In France, it is possible to choose whether or not to register such a gift. French tax law stipulates that a gift by way of handover of the asset, which includes the gift by way of bank transfer, is not subject to mandatory registration and is therefore not taxable as long as it has not been the subject of a “révélation” or disclosure: as long as it has not been disclosed (voluntarily or, according to the tax authorities, on the occasion of a response to the Tax Administration in the context of an audit). In principle, the taxable event for gift tax purposes is the date of the disclosure of the gift by way of handover of the asset.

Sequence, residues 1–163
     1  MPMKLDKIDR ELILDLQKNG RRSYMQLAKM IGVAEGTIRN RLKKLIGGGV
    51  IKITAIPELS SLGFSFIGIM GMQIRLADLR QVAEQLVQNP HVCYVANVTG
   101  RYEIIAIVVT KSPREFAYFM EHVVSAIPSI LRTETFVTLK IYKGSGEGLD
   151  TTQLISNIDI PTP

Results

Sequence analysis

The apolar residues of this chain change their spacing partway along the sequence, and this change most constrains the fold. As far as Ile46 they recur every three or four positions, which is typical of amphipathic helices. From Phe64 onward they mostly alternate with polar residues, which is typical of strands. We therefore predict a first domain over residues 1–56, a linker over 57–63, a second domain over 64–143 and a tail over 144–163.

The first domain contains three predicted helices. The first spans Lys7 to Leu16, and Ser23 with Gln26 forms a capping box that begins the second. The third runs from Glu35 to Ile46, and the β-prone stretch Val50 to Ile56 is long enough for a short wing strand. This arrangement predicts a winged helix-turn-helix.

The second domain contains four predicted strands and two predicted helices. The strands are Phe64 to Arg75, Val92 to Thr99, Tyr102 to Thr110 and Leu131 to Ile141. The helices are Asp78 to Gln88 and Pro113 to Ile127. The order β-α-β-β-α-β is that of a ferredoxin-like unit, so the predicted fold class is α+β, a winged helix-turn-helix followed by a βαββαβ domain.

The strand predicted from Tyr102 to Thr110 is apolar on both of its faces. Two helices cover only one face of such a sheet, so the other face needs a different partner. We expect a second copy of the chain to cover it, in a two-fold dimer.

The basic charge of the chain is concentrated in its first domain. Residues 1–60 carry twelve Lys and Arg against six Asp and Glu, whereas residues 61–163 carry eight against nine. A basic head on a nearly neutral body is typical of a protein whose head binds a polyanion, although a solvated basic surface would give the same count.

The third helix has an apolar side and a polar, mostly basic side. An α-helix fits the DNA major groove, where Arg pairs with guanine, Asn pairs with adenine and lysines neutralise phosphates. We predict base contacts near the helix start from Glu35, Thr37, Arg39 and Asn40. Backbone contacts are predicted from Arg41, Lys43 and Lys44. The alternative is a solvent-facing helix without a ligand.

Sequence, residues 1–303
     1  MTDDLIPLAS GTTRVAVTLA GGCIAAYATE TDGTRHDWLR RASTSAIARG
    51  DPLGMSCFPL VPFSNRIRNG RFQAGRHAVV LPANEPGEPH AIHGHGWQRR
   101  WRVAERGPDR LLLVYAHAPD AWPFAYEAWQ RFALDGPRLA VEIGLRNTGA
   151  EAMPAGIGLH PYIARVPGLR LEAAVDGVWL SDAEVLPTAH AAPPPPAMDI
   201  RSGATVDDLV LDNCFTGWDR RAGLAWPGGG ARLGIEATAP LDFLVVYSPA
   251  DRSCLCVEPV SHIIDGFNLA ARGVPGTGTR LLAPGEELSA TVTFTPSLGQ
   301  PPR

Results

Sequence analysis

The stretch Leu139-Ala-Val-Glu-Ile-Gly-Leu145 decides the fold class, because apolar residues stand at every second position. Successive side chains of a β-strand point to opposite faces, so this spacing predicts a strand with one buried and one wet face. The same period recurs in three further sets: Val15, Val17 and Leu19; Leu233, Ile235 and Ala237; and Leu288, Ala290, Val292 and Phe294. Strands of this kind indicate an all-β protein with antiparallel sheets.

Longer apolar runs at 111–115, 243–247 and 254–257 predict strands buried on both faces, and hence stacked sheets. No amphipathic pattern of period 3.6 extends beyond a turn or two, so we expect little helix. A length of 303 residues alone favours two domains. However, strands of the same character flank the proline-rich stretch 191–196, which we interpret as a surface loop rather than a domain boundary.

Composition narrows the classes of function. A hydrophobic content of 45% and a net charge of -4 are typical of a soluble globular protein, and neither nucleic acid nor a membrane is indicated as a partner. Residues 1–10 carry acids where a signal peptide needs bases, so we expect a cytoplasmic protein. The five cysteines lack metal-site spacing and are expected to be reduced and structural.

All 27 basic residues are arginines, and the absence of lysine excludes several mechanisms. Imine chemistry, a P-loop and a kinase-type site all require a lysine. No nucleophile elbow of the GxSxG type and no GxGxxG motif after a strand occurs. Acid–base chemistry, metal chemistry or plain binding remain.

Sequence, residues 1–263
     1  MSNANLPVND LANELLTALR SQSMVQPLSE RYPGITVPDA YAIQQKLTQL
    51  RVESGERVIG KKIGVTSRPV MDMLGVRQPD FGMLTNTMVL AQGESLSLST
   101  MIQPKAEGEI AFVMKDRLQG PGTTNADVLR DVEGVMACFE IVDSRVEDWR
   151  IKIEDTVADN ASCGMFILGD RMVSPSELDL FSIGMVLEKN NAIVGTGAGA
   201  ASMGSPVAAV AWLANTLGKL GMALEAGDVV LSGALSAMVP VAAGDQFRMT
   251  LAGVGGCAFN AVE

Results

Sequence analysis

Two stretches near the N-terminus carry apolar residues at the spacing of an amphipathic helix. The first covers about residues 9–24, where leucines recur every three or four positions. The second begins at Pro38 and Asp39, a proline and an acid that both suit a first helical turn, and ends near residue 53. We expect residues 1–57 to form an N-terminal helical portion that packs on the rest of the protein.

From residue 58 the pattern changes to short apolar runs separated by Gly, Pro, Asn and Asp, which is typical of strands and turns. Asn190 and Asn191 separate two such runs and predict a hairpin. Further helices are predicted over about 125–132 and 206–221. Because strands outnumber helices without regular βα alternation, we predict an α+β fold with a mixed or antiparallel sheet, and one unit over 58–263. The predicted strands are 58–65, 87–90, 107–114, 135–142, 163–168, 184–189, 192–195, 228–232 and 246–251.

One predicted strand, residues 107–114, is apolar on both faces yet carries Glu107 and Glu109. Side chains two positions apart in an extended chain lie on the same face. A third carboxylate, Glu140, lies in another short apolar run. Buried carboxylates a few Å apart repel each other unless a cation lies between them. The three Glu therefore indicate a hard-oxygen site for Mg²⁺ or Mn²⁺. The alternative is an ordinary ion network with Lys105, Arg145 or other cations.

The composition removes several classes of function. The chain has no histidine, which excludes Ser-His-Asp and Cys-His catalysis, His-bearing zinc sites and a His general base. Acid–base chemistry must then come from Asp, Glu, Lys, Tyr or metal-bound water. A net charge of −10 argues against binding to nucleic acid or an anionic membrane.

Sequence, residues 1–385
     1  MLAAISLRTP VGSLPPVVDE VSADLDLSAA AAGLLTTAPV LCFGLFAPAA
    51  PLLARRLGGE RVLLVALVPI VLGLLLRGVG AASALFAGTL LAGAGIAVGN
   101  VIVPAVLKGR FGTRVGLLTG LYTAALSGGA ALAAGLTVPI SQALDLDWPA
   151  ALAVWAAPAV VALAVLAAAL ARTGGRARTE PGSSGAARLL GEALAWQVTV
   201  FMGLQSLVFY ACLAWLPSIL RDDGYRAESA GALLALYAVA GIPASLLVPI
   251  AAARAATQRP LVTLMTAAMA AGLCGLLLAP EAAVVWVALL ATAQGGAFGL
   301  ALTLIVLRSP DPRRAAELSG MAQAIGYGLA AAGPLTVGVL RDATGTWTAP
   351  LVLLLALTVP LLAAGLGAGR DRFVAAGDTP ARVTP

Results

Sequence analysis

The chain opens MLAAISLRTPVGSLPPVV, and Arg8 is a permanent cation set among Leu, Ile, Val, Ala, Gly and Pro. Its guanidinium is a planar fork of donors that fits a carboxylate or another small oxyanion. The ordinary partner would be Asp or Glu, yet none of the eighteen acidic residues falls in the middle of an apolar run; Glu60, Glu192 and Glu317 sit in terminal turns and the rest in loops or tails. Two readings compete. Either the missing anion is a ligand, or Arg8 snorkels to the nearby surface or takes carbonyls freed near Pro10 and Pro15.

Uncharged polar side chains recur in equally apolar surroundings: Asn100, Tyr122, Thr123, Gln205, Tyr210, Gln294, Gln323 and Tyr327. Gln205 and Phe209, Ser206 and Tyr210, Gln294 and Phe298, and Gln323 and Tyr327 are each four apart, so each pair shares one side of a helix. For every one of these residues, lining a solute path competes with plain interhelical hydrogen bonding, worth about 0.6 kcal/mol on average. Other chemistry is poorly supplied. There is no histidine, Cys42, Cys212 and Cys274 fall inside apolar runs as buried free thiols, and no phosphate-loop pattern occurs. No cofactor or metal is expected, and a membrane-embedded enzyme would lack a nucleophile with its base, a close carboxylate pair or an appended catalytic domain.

If a gift by way of bank transfer is disclosed in France, it will be taxable for gift tax purposes. However, a number of exemptions apply. Thus, between parents and children, there is a tax-free allowance of €100,000 per gift and per donee, per fifteen-year period. The tax-free allowance can be filled by multiple gifts during this period. A tax-free allowance of €31,865 applies to grandchildren. Moreover, certain family gifts of sums of money are subject to an exemption of €31,865, when registered, which can be cumulated with the abovementioned allowances. Otherwise, the gift tax rates range from 5% (below €8,000) to 45% (above €1,805,677) in the direct line and are calculated taking into account gifts made over the past 15 years.